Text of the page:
by Gabriel Gatzsche
This blog post is part of a series about the musical theory which SoundPrism is based upon. Check out the previous one: SoundPrism Pitch Layout II
Today I’d like to start to explain how you can compose well sounding cadences using SoundPrism. There are many definitions as to what cadence is. Some say it is a melodic configuration, others say it’s the final chords of a chord progression. The definition I am going to develop within this article is influenced by my german harmony theory background. For us a cadence is a chord progression that sounds round, esthetic and well formed. It starts end ends at the same chords between which musical tension and relaxation is alternated in various and interesting ways.
The pendulum metaphor
A cadence can be compared to a pendulum. At the beginning the pendulum is in the center bottom position and rests. If you nudge it with your fingers it starts to oscillate around its resting point. Sometimes it is right of its resting point, some times it is left of it. The more the pendulum is elevated to one side the greater the power is that draws the pendulum back to its resting point, the more the pendulum is moved to the right the more it will oscillate to the left. It can also happen that the pendulum overturns. But at the end, the pendulum will find rest again in its origin.
Figure 1: The pendulum metaphor (major)
The same counts for a cadence: A cadence starts and ends with the same chord. This chord is called tonal center or tonic. The toniccorresponds to the non elevated pendulum that rests in its center position (Figure 1, yellow circle). The tonic indeed sounds relaxed and and resting. The chord that corresponds to the left position of the pendulum is called subdominant (blue circle). The chord right of the tonic is called (super)dominant (red circle). The word stem dominant expresses that the two chords of both sides of the tonic are above the tonic and that they dominate it: The subdominant dominates the tonic from the left and the (super)dominant dominates the tonic from the right.
Major and minor cadences
When we talk about cadences we have to distinguish between major cadences and minor cadences. Figure 1 represents a major cadence. You can see this because tonic, subdominant and dominant are represented by the uppercase letters T, S and D and the circles are colored. A minor cadence is represented the lowercase letters t, s and d and the circles are filled in white (Figure 2).
Figure 2: The pendulum metaphor (minor)
Cadences in SoundPrism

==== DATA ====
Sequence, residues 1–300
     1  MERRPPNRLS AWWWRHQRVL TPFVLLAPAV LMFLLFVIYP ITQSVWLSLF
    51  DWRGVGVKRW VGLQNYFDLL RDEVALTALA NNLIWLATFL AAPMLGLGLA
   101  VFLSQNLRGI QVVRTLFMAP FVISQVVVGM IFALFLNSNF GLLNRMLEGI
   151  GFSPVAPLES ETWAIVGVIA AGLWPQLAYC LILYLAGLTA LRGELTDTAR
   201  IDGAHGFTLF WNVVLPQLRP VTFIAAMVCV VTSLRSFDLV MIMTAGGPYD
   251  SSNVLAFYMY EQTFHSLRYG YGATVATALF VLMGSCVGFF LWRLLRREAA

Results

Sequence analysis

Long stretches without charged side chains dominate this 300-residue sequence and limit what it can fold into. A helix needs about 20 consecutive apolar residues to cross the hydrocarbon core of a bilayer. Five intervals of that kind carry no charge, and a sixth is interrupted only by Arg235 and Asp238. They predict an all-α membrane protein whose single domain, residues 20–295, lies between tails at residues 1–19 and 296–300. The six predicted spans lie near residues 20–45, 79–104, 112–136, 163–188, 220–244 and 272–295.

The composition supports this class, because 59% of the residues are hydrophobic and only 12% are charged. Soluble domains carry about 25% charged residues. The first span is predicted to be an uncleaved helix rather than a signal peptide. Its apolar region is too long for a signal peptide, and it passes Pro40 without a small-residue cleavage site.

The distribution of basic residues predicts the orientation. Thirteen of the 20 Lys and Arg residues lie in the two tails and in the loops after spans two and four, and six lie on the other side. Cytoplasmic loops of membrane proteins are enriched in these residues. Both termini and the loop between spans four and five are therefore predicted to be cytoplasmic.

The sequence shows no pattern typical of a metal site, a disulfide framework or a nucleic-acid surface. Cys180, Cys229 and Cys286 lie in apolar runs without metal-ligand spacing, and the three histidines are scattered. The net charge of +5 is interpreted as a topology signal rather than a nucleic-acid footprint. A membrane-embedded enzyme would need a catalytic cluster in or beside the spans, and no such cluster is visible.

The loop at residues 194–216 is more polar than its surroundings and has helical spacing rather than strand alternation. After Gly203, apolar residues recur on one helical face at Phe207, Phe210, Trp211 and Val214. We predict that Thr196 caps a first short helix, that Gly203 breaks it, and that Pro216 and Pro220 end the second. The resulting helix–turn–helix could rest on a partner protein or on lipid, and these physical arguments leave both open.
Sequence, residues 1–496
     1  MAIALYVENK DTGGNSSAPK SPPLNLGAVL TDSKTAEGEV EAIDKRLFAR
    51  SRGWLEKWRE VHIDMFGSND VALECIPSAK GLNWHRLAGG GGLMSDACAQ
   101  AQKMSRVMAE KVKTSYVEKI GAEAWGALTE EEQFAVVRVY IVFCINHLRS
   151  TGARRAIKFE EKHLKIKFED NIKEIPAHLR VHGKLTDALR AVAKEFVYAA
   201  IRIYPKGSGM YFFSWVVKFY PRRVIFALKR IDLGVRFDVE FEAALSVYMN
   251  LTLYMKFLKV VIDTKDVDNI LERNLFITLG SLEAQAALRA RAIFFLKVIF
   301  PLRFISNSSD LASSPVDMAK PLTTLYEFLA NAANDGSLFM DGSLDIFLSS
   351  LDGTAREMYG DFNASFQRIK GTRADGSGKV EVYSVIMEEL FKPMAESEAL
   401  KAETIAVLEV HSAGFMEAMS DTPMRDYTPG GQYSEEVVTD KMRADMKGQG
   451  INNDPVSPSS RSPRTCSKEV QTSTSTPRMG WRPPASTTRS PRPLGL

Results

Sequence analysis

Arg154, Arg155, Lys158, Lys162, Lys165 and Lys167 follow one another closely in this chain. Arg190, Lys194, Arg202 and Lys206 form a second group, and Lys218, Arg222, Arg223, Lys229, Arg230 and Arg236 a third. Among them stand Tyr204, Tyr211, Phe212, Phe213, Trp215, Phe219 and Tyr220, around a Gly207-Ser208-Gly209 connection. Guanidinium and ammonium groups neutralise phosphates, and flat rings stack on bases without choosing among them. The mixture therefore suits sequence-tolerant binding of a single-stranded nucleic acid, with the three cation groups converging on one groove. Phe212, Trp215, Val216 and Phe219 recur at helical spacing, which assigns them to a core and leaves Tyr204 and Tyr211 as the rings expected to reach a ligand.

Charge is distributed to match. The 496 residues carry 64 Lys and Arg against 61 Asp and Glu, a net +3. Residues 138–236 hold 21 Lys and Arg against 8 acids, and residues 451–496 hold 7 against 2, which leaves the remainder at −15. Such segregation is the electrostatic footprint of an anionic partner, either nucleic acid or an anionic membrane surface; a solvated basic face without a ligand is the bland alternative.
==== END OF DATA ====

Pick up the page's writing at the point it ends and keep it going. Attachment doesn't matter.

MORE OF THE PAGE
Figure 3 shows the major cadence within SoundPrism. The pendulum metaphor has been directly applied to the SoundPrism interface: The tonic occupies the (vertical) center, the subdominant chords are below the tonic and the (super)dominant chords are abovethe tonic. If you want to know which actual chord is the dominant, the tonic or the subdominant, simply look at the pitch class label left at the BassSection of SoundPrism. In Figure 3 the tonic is the chord C-major, the subdominant the chord F-major and the dominant the chord G-major.
Figure 3: The major cadence in SoundPrism
The minor cadence in SoundPrism looks very similar to the major cadence. It is directly one stripe below the major cadence.
Figure 4: The minor cadence in SoundPrism
I will now show four cadences that are the basis of many rock and pop songs. The following examples only visualize the major cadence. The corresponding minor cadence can be easily derived by applying the things said in the previous paragraph.
Figure 5: Typical cadences (major)
Figure 5 shows three typical cadences. Example (a) is a simple clockwise circular movement. The pendulum starts with the tonic moves then to the subdominant, overturns directly to the dominant and returns to the tonic. This cadence is also called “classical base cadence”. German harmony theory books use it as reference and prototype cadence. Example (b) illustrates a cadence with opposite moving direction: The cadence starts at the tonic, moves then to the dominant, overturns to the subdominant and ends at the tonic again. Example (c) is a real pendulum movement: The cadence starts in the center, oscillates to the left, where the subdominant is, moves then back to the tonic, oscillates to the right, where the dominant is, and falls finally back to the tonic. Example (c) can also be played in an opposite direction, which would be example (d).The following video shows how the cadences of Figure 5 can be played with SoundPrism Pro.
Video 1: Typical cadences in SoundPrism
Within this blog post, fundamental terms and concepts around cadences and its representation in SoundPrism are introduced. A cadence is composed of three fundamental chords, the tonic T, the subdominant S and the dominant D. Later, I will blog about how many quite complex harmonic progressions can be traced back to these three fundamental chords. This is the reason why it is so important to understand and internalize these basics.
Analogies like the pendulum metaphor help to create a conscious visual imagination of the cadence. This again helps you to recognize, understand and remember harmonic patterns, but also to compose new music. The post today covers pure diatonic major or minor cadences. Within my next blog post I will talk about combined major and minor cadences.
Video 2: Ten steps to make a simple minor cadence interesting